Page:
Feminist philosophy has two overlapping definitions. The first definition describes the ideas and theories of feminism while the second meaning entails the efforts within the discipline of philosophy to critique conservative philosophy by applying feminist study. According to the first definition, there emerge various feminist theories like liberal feminism, radical feminism, and cultural feminism. This essay will discuss the three examples and their relation to an 'ethics of care.'
Firstly, the primary objective of liberal feminism is to advocate for gender equality within the social construct. Advocates of feminist care ethics like Carol Gilligan argue that the traditional ethical theories, values, and practices have acknowledged that the social norms regarding masculinity are the right ones to the extent that they demean the cultural values and virtues concerning women (MacKinnon, 2015). Gilligan further asserts that the language of care and justice are not gender-correlated. Gilligan's care ethics constitute three levels. That is level one whereby women overemphasize their self-interests. Level two in which the women overemphasize other's interests, and level three in which women intertwine their interests and those of others.
That said, radical feminism emphasizes on the societal supremacy of men over women. Radical feminists oppose patriarchy but not masculinity. Critical concerns for radical feminists include the procreative rights for women, comprising the liberty to make birth choices or have an abortion. They also view pornography as an activity leading to maltreatment of women. However, some radical feminists are against this argument. The 'ethics of care' tools applied by radical feminists include organizing peaceful demonstrations, creating public awareness groups, and promoting a political form of lesbianism as alternatives for sex.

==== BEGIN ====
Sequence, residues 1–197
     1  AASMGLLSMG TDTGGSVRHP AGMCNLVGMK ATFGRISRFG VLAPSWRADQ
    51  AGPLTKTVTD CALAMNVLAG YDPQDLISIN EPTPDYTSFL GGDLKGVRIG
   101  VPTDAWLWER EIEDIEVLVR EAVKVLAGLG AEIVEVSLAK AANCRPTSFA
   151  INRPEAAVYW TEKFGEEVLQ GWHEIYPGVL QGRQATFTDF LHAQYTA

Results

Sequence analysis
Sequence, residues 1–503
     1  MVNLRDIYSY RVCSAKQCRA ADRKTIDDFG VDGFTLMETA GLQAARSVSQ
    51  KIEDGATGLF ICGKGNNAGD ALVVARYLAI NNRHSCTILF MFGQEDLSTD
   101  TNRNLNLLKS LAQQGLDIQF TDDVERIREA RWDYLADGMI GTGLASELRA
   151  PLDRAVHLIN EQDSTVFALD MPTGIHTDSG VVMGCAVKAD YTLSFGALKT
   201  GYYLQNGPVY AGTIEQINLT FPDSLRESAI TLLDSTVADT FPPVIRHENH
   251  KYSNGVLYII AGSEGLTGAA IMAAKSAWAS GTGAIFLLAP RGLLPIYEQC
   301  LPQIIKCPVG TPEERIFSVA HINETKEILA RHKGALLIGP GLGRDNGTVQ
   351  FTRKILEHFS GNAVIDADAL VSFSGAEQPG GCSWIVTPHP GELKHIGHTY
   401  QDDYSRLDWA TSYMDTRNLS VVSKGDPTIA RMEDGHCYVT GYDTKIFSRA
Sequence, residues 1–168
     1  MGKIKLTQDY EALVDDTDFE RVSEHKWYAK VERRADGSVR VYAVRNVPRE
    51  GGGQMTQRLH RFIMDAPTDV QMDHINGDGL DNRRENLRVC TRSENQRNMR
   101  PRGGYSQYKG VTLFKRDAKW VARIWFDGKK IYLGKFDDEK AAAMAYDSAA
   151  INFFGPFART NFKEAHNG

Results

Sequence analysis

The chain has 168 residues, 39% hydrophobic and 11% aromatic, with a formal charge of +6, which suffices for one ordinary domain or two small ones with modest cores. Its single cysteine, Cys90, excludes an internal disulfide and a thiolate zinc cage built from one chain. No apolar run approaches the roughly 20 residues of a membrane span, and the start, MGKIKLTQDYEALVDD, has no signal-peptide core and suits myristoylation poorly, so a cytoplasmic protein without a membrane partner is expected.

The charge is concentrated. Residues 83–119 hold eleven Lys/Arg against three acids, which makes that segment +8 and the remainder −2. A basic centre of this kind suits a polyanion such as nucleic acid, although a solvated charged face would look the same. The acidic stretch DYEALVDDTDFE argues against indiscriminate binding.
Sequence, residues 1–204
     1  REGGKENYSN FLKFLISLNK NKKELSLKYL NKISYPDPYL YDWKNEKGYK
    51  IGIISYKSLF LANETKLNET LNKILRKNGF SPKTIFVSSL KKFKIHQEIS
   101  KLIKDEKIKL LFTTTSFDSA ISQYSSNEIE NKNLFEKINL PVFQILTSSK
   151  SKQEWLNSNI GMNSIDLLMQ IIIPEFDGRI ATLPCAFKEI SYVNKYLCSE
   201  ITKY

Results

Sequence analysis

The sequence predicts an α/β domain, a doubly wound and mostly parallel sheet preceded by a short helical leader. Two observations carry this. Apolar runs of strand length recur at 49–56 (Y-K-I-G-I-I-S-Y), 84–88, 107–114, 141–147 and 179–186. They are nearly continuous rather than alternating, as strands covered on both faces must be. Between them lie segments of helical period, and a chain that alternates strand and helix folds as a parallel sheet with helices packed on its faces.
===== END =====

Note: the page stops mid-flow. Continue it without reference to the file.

Lastly, cultural feminism refers to various feminine values which emphasizes "essential differences" between males and females, based on biological dissimilarities. Proponents of this philosophy advocate for the respect of feminine values of care, appreciating of female occupations like child raising, as well as valuing child care at home.
Ethical Theory and Euthanasia
Ethical theories regarding euthanasia try to answer the question whether it is moral or immoral to conduct mercy killing on a suffering individual. Utilitarian approach approves euthanasia only if certain conditions are met. Utilitarians tend to consider the option that results in the most significant amount of happiness to the largest number of people. Therefore, they permit euthanasia as long as it would relieve the victim of his/her suffering. Conversely, the Kantians are against the idea of mercy killing since it would result in the new acceptable conduct of committing murder. Nevertheless, they still believe in retributivism in that; they do accept mercy killing under certain circumstances. For instance, authorizing murder when one is found guilty of killing another.
MacKinnon, B. (2015). Ethics: Theory and contemporary issues (concise). Cengage, Edition 8.
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